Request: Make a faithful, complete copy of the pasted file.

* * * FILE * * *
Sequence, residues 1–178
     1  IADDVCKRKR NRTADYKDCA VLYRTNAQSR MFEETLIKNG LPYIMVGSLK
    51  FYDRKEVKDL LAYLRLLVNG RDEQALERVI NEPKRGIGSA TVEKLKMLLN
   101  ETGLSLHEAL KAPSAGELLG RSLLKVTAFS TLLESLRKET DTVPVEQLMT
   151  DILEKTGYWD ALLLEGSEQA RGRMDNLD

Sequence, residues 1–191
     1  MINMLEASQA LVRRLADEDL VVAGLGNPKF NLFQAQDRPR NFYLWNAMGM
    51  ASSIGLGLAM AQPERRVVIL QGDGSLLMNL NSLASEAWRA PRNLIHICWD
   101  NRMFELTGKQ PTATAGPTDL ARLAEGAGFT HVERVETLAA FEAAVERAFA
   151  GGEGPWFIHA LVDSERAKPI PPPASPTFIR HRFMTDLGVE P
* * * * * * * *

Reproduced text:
Sequence, residues 1–178
     1  IADDVCKRKR NRTADYKDCA VLYRTNAQSR MFEETLIKNG LPYIMVGSLK
    51  FYDRKEVKDL LAYLRLLVNG RDEQALERVI NEPKRGIGSA TVEKLKMLLN
   101  ETGLSLHEAL KAPSAGELLG RSLLKVTAFS TLLESLRKET DTVPVEQLMT
   151  DILEKTGYWD ALLLEGSEQA RGRMDNLD

Sequence, residues 1–191
     1  MINMLEASQA LVRRLADEDL VVAGLGNPKF NLFQAQDRPR NFYLWNAMGM
    51  ASSIGLGLAM AQPERRVVIL QGDGSLLMNL NSLASEAWRA PRNLIHICWD
   101  NRMFELTGKQ PTATAGPTDL ARLAEGAGFT HVERVETLAA FEAAVERAFA
   151  GGEGPWFIHA LVDSERAKPI PPPASPTFIR HRFMTDLGVE P